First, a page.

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Search Results: 1 - 10 of 4689 matches for " Julia Krushkal "
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Parental ages and levels of DNA methylation in the newborn are correlated
Ronald M Adkins, Fridtjof Thomas, Frances A Tylavsky, Julia Krushkal
BMC Medical Genetics , 2011, DOI: 10.1186/1471-2350-12-47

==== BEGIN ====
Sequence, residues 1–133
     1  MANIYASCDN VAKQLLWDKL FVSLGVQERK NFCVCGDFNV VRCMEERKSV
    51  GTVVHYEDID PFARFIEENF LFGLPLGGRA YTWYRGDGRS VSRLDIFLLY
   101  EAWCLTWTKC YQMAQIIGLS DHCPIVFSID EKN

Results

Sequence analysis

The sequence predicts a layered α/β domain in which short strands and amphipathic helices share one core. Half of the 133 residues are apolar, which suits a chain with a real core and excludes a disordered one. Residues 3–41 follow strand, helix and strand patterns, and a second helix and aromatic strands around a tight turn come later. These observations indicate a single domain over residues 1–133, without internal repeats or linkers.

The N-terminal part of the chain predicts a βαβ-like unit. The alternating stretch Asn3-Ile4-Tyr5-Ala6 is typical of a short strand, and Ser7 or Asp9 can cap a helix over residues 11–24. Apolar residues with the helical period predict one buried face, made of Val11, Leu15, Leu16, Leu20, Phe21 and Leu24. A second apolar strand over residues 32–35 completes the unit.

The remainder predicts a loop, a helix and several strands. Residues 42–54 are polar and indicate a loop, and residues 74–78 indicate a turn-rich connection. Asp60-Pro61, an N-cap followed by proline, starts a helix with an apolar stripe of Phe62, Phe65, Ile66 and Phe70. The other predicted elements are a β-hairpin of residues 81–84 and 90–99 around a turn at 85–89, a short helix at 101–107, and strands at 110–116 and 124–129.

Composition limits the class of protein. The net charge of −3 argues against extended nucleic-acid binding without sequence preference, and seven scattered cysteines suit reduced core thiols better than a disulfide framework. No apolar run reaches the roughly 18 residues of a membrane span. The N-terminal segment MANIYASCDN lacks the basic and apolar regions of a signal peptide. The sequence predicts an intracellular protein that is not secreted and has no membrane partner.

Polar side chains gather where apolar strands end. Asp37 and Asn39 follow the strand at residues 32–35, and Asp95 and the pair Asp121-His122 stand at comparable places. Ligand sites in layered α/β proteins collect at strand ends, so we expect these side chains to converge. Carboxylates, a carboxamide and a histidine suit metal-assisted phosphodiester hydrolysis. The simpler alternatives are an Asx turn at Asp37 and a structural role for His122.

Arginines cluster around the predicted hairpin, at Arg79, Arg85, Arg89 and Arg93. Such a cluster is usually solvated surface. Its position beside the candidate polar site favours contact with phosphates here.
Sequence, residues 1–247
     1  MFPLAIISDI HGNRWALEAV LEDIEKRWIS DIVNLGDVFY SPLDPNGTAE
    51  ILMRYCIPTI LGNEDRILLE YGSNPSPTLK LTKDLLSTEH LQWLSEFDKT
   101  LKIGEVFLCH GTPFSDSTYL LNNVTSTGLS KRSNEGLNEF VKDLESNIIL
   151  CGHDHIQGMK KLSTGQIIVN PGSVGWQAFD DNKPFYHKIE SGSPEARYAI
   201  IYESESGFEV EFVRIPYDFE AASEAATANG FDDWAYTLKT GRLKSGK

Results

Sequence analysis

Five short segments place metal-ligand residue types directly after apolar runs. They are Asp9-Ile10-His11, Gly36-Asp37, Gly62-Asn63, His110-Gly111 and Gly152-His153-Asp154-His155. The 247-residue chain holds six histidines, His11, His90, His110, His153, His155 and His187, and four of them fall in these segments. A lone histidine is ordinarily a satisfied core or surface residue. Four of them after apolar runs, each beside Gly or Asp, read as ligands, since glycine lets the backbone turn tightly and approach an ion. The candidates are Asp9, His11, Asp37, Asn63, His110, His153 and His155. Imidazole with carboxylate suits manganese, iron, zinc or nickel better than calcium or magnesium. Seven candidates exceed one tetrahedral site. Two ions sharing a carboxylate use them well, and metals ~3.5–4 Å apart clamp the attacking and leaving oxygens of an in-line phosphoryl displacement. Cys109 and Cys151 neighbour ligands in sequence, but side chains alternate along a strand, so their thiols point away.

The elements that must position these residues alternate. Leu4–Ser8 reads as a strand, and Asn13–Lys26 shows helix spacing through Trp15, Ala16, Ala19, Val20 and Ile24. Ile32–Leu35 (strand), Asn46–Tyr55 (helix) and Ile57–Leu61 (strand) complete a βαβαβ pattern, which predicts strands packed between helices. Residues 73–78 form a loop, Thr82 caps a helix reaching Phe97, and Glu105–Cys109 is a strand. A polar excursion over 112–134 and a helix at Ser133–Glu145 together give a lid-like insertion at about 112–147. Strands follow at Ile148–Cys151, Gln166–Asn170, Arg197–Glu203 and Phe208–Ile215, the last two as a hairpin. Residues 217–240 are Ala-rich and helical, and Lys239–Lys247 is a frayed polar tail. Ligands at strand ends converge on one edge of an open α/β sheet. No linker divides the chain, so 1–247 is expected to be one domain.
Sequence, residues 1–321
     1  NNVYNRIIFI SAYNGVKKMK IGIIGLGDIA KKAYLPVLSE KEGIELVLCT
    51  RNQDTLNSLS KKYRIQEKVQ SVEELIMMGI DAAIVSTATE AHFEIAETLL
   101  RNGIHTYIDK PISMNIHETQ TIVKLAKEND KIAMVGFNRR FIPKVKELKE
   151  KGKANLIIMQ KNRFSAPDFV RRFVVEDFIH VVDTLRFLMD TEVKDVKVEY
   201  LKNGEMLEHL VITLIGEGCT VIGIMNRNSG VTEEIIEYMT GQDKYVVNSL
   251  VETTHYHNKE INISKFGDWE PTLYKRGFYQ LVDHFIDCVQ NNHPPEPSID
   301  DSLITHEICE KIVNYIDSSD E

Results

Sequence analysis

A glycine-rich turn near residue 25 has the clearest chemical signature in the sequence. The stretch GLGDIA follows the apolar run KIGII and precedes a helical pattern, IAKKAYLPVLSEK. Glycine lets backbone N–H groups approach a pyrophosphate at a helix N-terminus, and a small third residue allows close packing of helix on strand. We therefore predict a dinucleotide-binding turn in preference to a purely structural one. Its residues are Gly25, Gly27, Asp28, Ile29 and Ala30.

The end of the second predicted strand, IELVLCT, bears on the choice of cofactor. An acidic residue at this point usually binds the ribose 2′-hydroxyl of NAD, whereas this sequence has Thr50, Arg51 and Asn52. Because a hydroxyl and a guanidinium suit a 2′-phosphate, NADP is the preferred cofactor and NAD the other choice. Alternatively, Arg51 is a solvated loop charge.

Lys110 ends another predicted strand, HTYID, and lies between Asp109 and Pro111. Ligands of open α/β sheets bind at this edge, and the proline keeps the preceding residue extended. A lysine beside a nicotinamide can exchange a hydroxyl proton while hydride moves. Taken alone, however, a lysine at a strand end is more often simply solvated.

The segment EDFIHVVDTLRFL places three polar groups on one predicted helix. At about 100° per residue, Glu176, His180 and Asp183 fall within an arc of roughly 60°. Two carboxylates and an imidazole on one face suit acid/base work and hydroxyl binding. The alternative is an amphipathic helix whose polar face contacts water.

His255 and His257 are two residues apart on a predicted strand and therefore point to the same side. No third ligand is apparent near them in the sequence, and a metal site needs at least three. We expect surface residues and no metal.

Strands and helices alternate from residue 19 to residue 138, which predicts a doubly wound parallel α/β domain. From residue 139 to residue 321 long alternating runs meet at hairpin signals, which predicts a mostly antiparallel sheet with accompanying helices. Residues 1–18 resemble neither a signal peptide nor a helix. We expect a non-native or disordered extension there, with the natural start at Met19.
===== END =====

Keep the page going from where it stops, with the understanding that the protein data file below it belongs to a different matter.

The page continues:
Abstract: Using a genome-wide survey of 27,578 CpG dinucleotides in a cohort of 168 newborns, we examined the relationship between DNA methylation in newborns and a variety of parental and newborn traits. We found that methylation levels of 144 CpGs belonging to 142 genes were significantly correlated with maternal age. A weaker correlation was observed with paternal age. Among these genes, processes related to cancer were over-represented, as were functions related to neurological regulation, glucose/carbohydrate metabolism, nucleocytoplasmic transport, and transcriptional regulation. CpGs exhibiting gender differences in methylation were overwhelmingly located on the X chromosome, although a small subset of autosomal CpGs were found in genes previously shown to exhibit gender-specific differences in methylation levels.These results indicate that there are differences in CpG methylation levels at birth that are related to parental age and that could influence disease risk in childhood and throughout life.DNA methylation is a normal, heritable epigenetic modification that down-regulates the expression of approximately 1/3 of human genes [1-3] and is key to the allele-specific imprinting of genes [4]. DNA methylation also plays an important role in disease. For example, overall DNA hypomethylation accompanied by gene-specific hypermethylation is a hallmark of cancer [5]. Additionally, shifts in DNA methylation patterns appear to be involved in the normal aging process and increase in disease susceptibility [6]. Indeed, there is ample evidence for characteristic changes in the patterns of DNA methylation with age.The earliest data supporting progressive changes in DNA methylation patterns with age came from global studies of blood that demonstrated lower levels of methylation in older individuals [7] and greater differences in methylation in older monozygotic twins [8]. Christensen et al. [9] examined 217 tissues sampled from a range of non-diseased solid tissues and blood. In